Plate 35

Trough cross-bedding: "horizontal" section

Among the three characteristic sections of cross-bedding, which are mutually perpendicular (see inset), one is parallel to the topographic surface (i.e., horizontal in Modern settings: see commentary below). It contains the current direction (usually indicated by x  or a  in a spatial frame of three cartesian axes) and the normal on the horizontal plane (z  or b ). The current vector coincides (see arrow in sketch, hammer in picture) with the bisectrix of the arc outlined by the intersection of foreset laminae with the horizontal plane (this pattern is also called a rib-and-furrow structure, see plate 94). Compare the sketch with the picture and find out the paleocurrent direction in the outcrop.

The width of the trough (and of the corresponding laminaset) is measured along z.

A horizontal or bed-parallel section is not common; when available, it provides the best opportunities for paleocurrent measurements. This for two reasons: 1) the single reading is more reliable because the geometry of the structure is more evident in this section; 2) multiple measurements can be taken in troughs juxtaposed at the same stratigraphic level.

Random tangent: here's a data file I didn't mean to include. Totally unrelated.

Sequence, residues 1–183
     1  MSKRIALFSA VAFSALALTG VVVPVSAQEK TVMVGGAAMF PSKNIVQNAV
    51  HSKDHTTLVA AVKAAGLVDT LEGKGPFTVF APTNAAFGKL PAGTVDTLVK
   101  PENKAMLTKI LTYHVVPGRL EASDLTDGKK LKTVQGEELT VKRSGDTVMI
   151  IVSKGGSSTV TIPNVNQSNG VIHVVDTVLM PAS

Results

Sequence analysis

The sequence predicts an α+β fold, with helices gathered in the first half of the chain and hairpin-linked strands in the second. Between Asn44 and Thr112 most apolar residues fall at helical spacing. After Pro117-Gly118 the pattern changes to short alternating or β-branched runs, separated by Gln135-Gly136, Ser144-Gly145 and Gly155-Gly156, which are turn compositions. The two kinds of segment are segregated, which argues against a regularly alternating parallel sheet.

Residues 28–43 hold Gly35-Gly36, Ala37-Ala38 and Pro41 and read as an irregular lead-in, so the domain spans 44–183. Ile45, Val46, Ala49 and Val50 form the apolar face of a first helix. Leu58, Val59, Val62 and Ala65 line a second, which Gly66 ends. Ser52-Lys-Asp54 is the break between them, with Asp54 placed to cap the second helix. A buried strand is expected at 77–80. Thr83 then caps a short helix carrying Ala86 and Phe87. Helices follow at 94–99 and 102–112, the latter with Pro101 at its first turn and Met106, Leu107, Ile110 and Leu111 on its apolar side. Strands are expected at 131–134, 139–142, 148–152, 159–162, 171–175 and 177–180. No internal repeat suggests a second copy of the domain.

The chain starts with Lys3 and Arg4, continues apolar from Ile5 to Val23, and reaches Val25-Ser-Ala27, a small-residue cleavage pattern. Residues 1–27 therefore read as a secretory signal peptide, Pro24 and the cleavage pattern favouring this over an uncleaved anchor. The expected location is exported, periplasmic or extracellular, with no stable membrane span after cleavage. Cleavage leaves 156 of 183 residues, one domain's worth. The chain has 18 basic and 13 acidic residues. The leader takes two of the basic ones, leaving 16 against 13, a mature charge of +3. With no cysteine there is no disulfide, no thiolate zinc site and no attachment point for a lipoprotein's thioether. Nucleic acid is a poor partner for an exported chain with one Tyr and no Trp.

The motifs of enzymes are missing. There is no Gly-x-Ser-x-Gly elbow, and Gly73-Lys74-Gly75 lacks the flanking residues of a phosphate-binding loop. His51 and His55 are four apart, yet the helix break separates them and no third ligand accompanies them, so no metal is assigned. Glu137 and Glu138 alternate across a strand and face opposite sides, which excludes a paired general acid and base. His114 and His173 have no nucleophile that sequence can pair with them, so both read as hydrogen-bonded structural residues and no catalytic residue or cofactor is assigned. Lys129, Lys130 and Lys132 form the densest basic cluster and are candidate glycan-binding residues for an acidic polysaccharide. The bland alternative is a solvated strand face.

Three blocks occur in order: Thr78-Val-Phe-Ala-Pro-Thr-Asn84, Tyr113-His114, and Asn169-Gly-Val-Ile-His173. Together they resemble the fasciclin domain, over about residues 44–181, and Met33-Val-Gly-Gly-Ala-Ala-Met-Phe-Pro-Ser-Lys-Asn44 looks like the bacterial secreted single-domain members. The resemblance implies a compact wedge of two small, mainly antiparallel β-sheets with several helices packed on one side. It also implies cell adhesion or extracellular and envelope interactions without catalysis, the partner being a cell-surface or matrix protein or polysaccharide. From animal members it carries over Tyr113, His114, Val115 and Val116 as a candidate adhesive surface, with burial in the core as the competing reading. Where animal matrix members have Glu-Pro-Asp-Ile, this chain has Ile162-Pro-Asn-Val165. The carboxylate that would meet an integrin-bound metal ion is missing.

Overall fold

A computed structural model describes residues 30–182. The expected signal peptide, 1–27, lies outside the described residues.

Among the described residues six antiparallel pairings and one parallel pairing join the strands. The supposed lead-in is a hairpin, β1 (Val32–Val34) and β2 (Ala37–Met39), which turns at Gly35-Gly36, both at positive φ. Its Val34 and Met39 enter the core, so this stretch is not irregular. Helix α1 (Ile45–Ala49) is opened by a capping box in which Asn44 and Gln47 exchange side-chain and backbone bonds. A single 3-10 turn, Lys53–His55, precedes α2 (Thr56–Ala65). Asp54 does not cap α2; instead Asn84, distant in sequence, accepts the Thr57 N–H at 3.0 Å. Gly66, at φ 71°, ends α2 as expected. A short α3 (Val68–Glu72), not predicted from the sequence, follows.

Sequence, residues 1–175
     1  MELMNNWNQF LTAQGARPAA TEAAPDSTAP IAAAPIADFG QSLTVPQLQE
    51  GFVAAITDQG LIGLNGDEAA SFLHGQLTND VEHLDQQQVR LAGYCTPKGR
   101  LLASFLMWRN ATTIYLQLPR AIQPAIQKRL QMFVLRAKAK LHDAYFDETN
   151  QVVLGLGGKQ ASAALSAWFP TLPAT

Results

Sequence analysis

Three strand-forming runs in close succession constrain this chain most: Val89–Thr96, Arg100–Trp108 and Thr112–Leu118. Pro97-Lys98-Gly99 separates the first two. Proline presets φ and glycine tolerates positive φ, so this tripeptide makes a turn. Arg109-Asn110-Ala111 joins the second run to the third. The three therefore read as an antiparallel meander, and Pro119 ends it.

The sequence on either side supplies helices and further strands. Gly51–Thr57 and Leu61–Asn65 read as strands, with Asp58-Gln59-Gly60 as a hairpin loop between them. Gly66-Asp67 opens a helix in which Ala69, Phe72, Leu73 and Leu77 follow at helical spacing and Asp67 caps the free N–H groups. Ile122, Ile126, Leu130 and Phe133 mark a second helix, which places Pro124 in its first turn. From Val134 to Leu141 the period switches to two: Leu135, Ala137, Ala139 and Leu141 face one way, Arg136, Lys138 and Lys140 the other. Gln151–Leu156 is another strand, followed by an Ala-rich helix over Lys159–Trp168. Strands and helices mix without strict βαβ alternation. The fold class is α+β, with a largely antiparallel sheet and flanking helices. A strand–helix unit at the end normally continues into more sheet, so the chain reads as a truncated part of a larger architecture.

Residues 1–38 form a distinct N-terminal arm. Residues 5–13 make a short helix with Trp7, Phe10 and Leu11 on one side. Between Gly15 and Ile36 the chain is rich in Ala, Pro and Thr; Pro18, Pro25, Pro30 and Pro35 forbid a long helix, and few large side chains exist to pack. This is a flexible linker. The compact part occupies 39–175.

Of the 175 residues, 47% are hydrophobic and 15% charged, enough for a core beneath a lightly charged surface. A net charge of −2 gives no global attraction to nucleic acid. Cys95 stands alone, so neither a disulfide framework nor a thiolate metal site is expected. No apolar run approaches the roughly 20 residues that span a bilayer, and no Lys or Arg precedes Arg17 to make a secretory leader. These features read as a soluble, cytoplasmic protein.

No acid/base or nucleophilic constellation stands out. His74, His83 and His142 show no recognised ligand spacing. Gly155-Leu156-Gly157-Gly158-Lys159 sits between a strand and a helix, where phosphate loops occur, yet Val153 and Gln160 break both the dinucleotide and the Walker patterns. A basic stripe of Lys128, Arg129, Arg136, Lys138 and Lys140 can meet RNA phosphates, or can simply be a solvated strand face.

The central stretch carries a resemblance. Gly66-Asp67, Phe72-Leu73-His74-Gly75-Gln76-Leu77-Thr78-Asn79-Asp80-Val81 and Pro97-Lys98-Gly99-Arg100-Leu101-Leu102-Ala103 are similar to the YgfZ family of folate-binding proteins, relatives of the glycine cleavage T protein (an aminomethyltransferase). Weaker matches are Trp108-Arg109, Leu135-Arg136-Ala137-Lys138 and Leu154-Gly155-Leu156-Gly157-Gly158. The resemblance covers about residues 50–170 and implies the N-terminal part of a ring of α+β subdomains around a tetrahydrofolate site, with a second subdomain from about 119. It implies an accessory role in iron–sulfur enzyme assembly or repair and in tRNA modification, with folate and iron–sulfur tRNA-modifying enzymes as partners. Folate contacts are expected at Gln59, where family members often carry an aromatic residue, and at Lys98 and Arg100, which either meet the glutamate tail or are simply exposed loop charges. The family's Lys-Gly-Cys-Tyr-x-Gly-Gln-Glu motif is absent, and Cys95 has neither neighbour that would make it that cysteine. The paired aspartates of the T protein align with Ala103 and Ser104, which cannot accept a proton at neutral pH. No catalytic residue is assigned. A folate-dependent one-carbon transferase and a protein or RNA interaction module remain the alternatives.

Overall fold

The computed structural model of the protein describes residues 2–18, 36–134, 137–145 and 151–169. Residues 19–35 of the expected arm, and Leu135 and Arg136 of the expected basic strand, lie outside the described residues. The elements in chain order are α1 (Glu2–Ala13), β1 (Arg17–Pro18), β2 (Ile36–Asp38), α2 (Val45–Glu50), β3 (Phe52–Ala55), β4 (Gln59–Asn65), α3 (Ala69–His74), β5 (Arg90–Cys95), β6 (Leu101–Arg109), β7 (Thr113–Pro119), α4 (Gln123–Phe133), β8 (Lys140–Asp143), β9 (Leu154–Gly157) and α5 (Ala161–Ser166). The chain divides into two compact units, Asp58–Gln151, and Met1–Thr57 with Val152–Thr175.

Pliocene sandstone, Intra-apenninic Basin, Brento, northern Apennines.

To describe the geometry of cross-stratification, reference has been made to the horizontal plane (an approximation of the present topography, at least in depositional environments) and to the vertical or zenith. In tectonically tilted successions, the terms horizontal and vertical must be replaced by parallel  and normal  to bedding planes, respectively. Reference bedding planes are, in certain cases, ideal surfaces that must be inferred by "averaging" inclined surfaces (for example, plate 34 A) or looking at the general attitude of the stratigraphic succession. Cross-bedded sets can also be bounded by parallel surfaces of higher rank; they are qualified as master bedding  and constitute good datum planes. Remember, however, that master bedding is not horizontal in all cases (see clinoforms).